Former English professor Abbe Blum returned to Swarthmore on Wednesday evening to give a lecture and presentation called “Taking off the Cape of Dread: How to Write and Finish Things.” Designed to help students find “where” procrastination comes from within them, the presentation included a walk-through of a meditative process intended to identify and understand the mental blockages that may be stopping students from completing things.
“Procrastination,” Professor Blum explained to a large group of students in Kohlberg’s Scheuer Room, “is often the result of some obstacle in life enveloping a person’s entire concentration.” To overcome this, Blum encouraged her audience to develop “a sense of larger self”—one that is bigger than life’s seemingly all-consuming obstacles.
After 18 years of teaching English at Swarthmore, Blum left her tenured position to explore ways that people can better themselves through meditative techniques. She served as Program Director for the Buddhist Institute before returning to Swarthmore to teach again for a few semesters. Upon her return, Blum noticed that students had changed over the years, and that they had “many more hoops to jump through.”
She became interested in finding ways for students to “sustain themselves,” and found herself using her meditative knowledge and experience to help students overcome the obstacles of procrastination. She has pursued this research partly through her position in Psychology and Humanistic Studies at Saybrook University.
As an example, Professor Blum told the story of a student at Swarthmore that had procrastinated writing an annotated bibliography for a term paper until the due date. Frantic and concerned, the student called Blum, and Blum guided him towards finding and quelling the source of his procrastination.
Using kinesthetic imagery, Professor Blum asked the student to find “where” the blockage was. Did he feel it heavy on his chest? Was it in his legs, or perhaps sitting next to him? After it was determined that the blockage was “hiding behind a curtain,” Blum asked the student to lure it out and become familiar with it. The meditative process continued until this particular student realized that his “blockage” stemmed from an irrational fear of losing his identity as a student. The blockage was holding him back from finishing the paper, and ultimately, holding him back from graduating.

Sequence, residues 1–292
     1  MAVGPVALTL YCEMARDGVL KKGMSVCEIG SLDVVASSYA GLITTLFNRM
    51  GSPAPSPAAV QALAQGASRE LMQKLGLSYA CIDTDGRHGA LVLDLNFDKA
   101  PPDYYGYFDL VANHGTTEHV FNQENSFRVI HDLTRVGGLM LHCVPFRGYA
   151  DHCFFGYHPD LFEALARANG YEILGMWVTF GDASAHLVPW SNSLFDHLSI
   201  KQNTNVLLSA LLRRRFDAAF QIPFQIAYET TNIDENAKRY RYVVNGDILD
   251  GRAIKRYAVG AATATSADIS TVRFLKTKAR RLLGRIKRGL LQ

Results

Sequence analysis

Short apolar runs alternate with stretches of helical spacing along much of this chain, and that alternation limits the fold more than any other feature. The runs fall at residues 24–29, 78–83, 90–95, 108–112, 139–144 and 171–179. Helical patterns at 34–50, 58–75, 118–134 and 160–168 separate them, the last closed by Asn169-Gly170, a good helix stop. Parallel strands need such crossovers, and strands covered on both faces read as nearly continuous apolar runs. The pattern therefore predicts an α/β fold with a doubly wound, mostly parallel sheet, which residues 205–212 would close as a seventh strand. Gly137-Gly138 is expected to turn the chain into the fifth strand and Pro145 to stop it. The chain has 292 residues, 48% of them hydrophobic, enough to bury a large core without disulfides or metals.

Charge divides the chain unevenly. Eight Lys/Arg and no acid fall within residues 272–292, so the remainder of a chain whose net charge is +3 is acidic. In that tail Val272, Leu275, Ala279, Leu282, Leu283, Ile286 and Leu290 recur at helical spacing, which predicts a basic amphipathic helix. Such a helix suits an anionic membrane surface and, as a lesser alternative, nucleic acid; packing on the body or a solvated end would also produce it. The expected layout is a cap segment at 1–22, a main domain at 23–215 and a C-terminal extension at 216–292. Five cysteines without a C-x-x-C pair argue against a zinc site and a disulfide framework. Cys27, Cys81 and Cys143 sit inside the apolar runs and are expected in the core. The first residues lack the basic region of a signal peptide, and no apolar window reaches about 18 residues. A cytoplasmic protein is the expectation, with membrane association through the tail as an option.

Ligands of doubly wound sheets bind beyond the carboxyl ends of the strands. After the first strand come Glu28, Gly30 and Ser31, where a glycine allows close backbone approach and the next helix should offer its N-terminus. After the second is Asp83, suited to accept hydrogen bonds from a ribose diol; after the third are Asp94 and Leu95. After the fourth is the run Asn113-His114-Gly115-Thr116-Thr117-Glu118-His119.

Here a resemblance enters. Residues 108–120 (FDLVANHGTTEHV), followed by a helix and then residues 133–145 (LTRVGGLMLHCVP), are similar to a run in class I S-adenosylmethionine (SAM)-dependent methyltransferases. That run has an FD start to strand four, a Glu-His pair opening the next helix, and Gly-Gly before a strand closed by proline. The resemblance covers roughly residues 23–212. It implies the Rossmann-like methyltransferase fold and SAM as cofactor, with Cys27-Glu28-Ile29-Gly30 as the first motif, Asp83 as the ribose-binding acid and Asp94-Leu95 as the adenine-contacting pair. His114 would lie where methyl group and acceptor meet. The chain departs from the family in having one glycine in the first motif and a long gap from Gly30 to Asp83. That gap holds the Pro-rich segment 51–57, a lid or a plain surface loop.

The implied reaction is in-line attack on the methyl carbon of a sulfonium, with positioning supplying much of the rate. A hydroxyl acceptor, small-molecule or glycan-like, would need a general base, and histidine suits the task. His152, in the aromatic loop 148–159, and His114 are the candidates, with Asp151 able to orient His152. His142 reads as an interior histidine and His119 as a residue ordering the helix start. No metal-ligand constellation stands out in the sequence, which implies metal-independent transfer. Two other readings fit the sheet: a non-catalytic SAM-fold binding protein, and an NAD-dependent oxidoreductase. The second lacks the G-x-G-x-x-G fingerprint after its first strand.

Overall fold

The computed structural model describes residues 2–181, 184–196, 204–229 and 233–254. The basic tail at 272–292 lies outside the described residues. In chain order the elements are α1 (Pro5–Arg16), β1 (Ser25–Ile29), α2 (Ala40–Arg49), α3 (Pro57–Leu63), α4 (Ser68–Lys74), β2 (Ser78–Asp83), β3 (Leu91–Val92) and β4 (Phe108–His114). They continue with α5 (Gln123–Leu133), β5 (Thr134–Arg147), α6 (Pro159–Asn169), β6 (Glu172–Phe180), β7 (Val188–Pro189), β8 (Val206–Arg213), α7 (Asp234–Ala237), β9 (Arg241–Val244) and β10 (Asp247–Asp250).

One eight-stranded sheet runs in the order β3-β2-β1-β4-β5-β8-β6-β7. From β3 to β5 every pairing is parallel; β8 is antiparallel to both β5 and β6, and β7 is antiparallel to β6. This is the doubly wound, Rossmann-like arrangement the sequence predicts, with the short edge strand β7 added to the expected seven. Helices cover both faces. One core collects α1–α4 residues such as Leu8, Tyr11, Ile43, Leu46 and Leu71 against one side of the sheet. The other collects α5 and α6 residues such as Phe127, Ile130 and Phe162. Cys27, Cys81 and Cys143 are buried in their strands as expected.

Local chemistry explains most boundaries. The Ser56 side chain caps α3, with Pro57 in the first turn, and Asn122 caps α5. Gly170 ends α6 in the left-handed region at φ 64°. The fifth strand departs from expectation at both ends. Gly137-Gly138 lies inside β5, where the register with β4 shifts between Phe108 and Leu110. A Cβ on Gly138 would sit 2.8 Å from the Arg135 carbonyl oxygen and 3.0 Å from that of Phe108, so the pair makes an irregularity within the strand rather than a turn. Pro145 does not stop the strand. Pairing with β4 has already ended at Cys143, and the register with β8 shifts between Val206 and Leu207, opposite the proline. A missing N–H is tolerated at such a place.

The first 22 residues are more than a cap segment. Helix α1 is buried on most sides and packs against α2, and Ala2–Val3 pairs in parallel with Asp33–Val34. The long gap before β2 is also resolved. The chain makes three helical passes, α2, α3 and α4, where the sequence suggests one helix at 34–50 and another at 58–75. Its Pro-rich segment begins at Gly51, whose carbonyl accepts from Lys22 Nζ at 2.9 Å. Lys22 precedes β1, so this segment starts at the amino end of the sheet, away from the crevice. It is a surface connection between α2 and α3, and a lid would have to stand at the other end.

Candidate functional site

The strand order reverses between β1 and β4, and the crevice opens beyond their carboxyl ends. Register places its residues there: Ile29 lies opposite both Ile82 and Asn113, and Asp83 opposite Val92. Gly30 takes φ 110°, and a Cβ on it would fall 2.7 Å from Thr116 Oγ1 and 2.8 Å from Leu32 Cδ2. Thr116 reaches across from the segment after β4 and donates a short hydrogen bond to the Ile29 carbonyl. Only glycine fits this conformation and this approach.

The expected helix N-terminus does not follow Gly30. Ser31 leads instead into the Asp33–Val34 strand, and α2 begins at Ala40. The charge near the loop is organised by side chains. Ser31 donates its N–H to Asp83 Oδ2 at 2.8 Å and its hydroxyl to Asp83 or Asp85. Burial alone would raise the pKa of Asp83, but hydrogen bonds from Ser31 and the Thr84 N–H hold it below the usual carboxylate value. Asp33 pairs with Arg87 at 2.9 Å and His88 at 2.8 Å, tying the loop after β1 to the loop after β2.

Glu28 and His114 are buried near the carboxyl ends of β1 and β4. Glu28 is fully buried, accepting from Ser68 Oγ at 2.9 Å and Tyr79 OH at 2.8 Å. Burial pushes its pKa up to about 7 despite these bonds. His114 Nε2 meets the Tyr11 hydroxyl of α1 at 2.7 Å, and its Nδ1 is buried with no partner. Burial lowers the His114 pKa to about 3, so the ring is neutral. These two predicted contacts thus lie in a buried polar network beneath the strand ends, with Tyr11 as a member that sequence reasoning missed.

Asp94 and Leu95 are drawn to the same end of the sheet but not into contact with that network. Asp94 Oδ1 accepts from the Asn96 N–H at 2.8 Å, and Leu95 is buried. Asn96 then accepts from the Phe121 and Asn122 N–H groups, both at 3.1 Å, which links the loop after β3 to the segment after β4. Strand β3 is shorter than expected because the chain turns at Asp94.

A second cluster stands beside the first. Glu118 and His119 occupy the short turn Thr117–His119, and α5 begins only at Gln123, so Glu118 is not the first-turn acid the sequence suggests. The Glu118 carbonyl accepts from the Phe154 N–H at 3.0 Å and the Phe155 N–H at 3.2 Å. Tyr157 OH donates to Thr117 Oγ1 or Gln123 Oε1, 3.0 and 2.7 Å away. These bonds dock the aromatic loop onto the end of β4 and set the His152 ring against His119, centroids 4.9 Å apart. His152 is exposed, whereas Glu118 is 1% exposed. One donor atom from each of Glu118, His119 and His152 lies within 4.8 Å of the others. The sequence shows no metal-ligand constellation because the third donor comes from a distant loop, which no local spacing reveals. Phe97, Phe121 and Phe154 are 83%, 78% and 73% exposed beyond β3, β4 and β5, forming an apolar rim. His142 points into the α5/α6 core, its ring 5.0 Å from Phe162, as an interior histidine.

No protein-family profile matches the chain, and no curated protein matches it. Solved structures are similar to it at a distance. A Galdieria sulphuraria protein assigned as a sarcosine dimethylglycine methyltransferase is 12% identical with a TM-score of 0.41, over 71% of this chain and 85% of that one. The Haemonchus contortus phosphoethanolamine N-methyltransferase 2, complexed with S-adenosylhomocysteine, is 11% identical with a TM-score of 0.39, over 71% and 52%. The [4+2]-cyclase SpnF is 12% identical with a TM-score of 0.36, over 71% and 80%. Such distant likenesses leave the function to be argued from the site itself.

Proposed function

Members of the audience were asked to identify something in their own lives that they need to do, but are not doing. This could include writing a paper, making a phone call, or any other task. Then Professor Blum guided the audience through a similar process of finding their “blockage.”
Members of the audience were instructed to identify the part of themselves that wants to complete their tasks, and recognize that there is a “self” larger than and separate from their blockage. With the audience members’ eyes closed, Blum led them through the meditative process of treating their blockage like an intelligent being, with its own concerns and viewpoint — however irrational those concerns may be.
Blum stressed that the goal was not to eliminate or find willpower over the blockage, but rather to find the positive in it and learn from its concerns.
“I had never thought of my writing stress as its own being,” says Mariana Stavig ’14. “You realize, with her techniques, that you are not the problem, and that you have the power to counter what is hindering you.”
Professor Blum will be directing a 3-hour workshop on the topic of “How to Integrate Mindfulness and Relaxation into Hectic Daily Life (Really)” on Saturday at 2:00 p.m. On Tuesday she will be presenting another lecture and presentation entitled “Reducing Stress: Getting a Good Night’s Sleep.” Both events will take place in the Scheuer Room in Kohlberg Hall. All three events are sponsored by the College’s Wellness Awareness Team.
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